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I am trying to create a bookmarklet that follows this process:

  1. From any page, click the bookmarklet
  2. load a specific page.
  3. Trigger an input button which causes page to reload
  4. Once reloaded; open a new page; in this case a social media page.

This is what I've written so far:

if (!($ = window.jQuery)) { 
// Inject jQuery to make life easier  
    script = document.createElement( 'script' );  
    script.src = '';  
else {  

function SocialCredentials(){
    $('input:submit').trigger('click');'', '_blank');

The button submit click causes the page to process and clear the credentials of the user so they can visit social sites.

The above code works, but I want to make sure the page finishes loading before opening a new social media page.

Do I need to add some kind of wait() function? If I do add a wait method, will it kill the JavaScript and not open the new window? I'm fairly new to JavaScript, so I'm not familiar with these types of mechanics.

Edit:I should note that I don't have access or control to the page this bookmarklet will work on so I can't alter it's flow. What I'm trying to do is more of a favor for another department as a quick fix until they can make changes on their end.

Edit2: Updated the process.

share|improve this question
so the page posts back and fires off the new window at the same time? is that the correct understanding? – origin1tech May 22 '13 at 23:18
Well, I want it to post back, and then once that's done loading, fire off the new window. But, my concern is if the page does the post back, and reloads, does it lose the bookmarklet code and not open a new window? – Emmanuel F. May 23 '13 at 2:31

If a page reloads, any code currently running on that page, including code from a bookmarklet, is ended and removed. Traditionally bookmarklet code ceases to work after a page load and user clicks it again.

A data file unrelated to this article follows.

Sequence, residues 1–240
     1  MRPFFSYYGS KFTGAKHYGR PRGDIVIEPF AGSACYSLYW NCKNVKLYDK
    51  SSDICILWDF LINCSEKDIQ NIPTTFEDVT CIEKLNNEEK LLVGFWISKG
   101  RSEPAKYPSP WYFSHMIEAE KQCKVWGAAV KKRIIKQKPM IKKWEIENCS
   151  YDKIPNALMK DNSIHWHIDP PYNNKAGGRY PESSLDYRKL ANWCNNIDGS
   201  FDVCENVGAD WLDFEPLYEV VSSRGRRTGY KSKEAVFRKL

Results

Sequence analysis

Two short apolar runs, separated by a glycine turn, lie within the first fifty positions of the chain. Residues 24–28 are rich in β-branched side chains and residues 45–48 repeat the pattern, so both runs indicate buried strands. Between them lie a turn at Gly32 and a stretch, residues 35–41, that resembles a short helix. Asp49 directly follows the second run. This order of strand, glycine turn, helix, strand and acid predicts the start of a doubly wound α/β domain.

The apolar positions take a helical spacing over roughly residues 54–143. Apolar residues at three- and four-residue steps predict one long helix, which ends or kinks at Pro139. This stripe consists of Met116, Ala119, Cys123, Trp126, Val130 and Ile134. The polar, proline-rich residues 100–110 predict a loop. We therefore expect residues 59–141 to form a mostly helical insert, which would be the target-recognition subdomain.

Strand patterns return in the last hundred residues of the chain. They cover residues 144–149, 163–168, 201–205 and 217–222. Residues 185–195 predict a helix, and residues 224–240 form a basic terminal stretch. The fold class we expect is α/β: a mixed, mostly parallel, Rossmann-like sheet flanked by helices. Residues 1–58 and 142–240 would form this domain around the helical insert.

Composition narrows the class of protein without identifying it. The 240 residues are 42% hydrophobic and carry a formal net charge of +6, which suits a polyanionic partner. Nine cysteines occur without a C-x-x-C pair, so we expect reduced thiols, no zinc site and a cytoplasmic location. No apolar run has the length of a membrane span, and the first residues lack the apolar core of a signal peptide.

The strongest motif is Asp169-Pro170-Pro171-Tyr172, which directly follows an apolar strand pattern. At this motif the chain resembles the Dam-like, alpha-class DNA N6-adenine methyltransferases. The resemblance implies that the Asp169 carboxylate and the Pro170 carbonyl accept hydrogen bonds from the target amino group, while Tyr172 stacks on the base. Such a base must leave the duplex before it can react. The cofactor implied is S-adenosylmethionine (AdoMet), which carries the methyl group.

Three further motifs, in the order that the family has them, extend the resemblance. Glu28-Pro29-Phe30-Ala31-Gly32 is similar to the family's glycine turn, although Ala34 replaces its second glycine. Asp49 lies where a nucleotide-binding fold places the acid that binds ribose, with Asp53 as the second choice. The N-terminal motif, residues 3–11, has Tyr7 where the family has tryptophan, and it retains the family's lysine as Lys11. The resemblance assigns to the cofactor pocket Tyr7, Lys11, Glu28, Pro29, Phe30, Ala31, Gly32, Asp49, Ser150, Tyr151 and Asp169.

There are three workarounds that I know of.

A.) Change the process that loads the page to instead use AJAX.

B.) Change the process that loads the page to instead open a new window, and then use JavaScript to manipulate the new window.

C.) Before triggering the page load, open a new child window and insert code into it. The code in that child window can then monitor its parent and take actions on the parent even after the parent has reloaded.

share|improve this answer
I'm going to have to try option C. I don't have access or control to the page itself, so I can't alter it by any means; it's run by a different department, and what I'm trying to do is kind of a favor for them and my boss. Are there any resources you recommend I look up? Thank you for the help! – Emmanuel F. May 23 '13 at 14:14
Well, that didn't work... I mean, it works if I'm at the page, however if I'm on any page, click the bookmarklet, redirect to the page I need, then process the data, it won't work since the JavaScript gets cleared out. – Emmanuel F. May 23 '13 at 20:09
I think possibly you may not understand what I am suggesting for C. The new child window is created for only 1 purpose, to monitor it's parent so it can re-inject the bookmarklet code into the parent as necessary. This is not a very obvious and trivial thing to do. Also, the child window must be on the same domain, which should probably be possible also by creating a new document from scratch with document.write; see this: – DG. May 23 '13 at 23:47

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